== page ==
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Louisiana Gets Creative to Improve Patient Access to Costly Hepatitis C Treatment

Surabhi Dangi-Garimella, PhD
Rebekah Gee, MD, Louisiana’s secretary of the Department of Health, is working on innovative solutions to ensure patient access to costly drugs within existing financial resources.
The state of Louisiana has grappled with a tight budget for years now, which has had far-reaching consequences on everything from educational resources to food stamp services to the health of the states’ residents. With growing drug prices, balancing the healthcare budget—particularly the Medicaid budget—has been even more challenging.

With this in mind, Rebekah Gee, MD, Louisiana’s secretary of the Department of Health, is working on innovative solutions to ensure patient access to costly drugs within existing financial resources.

“Medicaid is a big program. My budget, for example, is half the state budget for Louisiana,” Gee said during a recent interview. With drug prices being the fastest-growing part of the state budget, Gee and her team are looking at creative deals with the pharmaceutical industry, starting with manufacturers of anti–hepatitis C drugs.

When Gilead launched sofosbuvir (Sovaldi), the treatment was priced at $1000 a pill, with a net price of $84,000 for the recommended 12-week course of the drug. This resulted in significant controversy, including a debate on whether the federal government should instill a cap on the cost of certain categories of prescription drugs. A bigger issue, and an ethical one at that, was how to decide which patients are entitled to be treated with these medications.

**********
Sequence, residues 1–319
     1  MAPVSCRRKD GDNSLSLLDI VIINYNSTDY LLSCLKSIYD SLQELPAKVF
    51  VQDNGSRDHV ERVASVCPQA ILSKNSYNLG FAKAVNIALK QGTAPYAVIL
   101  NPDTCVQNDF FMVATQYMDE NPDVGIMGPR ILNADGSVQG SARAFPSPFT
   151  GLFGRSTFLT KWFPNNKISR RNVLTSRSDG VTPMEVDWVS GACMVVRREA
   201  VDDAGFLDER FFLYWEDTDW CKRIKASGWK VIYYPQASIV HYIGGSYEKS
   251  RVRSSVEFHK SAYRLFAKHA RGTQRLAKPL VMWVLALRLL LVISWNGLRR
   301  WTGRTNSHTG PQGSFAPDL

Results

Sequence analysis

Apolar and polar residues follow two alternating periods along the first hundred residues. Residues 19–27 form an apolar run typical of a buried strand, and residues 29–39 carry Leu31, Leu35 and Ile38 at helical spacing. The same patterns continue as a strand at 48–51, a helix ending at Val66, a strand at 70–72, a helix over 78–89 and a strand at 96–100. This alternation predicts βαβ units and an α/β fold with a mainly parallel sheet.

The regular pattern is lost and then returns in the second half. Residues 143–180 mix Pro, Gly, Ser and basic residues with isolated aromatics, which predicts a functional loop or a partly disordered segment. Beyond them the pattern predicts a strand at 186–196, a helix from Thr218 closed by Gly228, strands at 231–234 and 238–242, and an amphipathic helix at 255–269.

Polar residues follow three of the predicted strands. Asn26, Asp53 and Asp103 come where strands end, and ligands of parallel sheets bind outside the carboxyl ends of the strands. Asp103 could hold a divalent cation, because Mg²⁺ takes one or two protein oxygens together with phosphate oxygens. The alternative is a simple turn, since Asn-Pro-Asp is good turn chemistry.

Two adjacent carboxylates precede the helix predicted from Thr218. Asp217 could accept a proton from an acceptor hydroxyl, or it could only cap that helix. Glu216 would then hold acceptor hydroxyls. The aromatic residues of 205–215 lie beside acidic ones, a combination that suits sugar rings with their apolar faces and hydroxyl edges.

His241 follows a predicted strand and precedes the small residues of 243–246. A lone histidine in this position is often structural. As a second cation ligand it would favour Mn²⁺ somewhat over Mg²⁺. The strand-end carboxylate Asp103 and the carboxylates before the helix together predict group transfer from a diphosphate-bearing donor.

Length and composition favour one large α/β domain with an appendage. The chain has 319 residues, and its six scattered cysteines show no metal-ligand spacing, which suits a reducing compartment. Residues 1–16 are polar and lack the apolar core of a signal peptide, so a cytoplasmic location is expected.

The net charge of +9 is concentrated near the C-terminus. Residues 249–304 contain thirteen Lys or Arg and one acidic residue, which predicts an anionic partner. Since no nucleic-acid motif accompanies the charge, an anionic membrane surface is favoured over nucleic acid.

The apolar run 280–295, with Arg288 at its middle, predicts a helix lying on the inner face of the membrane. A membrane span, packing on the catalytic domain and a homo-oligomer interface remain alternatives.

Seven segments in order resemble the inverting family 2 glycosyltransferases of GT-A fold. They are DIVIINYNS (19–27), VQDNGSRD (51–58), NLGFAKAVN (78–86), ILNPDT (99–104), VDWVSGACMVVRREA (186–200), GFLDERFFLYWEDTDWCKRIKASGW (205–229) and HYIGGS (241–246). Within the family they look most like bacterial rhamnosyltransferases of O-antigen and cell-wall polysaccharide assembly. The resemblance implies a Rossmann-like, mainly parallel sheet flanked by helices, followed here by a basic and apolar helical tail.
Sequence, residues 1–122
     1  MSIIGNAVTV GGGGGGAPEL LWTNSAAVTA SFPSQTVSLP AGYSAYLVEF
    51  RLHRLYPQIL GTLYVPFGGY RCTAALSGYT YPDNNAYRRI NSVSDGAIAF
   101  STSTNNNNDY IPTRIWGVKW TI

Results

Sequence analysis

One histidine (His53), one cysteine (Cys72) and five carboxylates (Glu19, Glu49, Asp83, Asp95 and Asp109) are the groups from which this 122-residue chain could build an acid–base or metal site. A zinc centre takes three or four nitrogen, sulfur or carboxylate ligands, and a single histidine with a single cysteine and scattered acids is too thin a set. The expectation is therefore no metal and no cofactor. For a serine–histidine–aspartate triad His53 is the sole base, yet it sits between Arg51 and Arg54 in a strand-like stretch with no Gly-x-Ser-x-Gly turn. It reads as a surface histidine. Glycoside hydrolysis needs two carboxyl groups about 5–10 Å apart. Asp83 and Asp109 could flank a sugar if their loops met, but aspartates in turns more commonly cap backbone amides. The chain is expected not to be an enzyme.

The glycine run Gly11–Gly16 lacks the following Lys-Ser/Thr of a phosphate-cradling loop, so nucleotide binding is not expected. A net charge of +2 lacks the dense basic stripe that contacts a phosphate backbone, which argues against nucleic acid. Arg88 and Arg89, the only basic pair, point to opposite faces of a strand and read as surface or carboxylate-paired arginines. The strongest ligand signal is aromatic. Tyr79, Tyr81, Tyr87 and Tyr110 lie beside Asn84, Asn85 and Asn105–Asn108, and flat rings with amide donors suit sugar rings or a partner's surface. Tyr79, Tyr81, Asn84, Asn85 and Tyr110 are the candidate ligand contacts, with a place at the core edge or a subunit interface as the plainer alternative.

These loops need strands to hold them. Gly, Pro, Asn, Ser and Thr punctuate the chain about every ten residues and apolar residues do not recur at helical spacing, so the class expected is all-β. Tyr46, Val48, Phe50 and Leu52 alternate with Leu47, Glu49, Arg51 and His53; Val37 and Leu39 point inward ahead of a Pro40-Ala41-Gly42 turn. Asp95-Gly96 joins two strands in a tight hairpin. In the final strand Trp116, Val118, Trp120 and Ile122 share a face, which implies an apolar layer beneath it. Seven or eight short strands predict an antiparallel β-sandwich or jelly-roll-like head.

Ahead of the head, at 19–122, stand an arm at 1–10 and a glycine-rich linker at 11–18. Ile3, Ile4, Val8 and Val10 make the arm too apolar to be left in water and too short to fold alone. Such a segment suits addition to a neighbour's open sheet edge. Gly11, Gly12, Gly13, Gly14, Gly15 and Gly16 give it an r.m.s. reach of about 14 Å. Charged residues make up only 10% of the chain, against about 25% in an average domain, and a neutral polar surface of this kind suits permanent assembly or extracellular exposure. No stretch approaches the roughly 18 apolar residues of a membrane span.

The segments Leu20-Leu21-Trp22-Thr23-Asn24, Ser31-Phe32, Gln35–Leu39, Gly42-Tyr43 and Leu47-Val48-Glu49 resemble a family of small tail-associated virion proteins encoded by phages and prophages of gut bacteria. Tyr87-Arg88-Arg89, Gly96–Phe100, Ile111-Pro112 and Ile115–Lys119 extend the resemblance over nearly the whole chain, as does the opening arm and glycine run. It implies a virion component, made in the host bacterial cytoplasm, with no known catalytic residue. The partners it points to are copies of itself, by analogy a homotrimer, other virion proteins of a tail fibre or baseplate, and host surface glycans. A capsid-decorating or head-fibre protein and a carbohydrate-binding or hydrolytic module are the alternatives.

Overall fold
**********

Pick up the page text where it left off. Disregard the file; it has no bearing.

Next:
Looking at solutions to eradicate this infectious disease, Gee says that the primary barrier is the cost of these products. While the price of Sovaldi has reduced substantially from its original launch price, especially following market competition, it would still cost the state of Louisiana about $166 million if the state decided to treat all 20,000 of its Medicaid patients who carry the virus. Eligibility criteria—which allowed only those patients with severe liver damage to receive treatment—resulted in just 388 Medicaid patients being treated with Sovaldi in 2017.

Gee affirmed that she would rather not be conflicted between curing patients with hepatitis C and providing resources to educational institutions or providing care for patients with other illnesses.

Her solution? A “subscription payment” to companies like Gilead that manufacture these next-generation treatments against the virus. Gee and her team have proposed pooling together resources dedicated to covering Medicaid patients and the uninsured, adding a little more to hand over to the drug developers a fixed amount per year for several years, and in return, Gilead would provide the state with all the drug it needs. During the first few years, the states would get more drug than what they pay for, but as outcomes improve, the number of patients needing treatment would dwindle and Gilead would have to supply less drug while still receiving the agreed-upon fixed payment.   

A final deal is likely by the end of this year.

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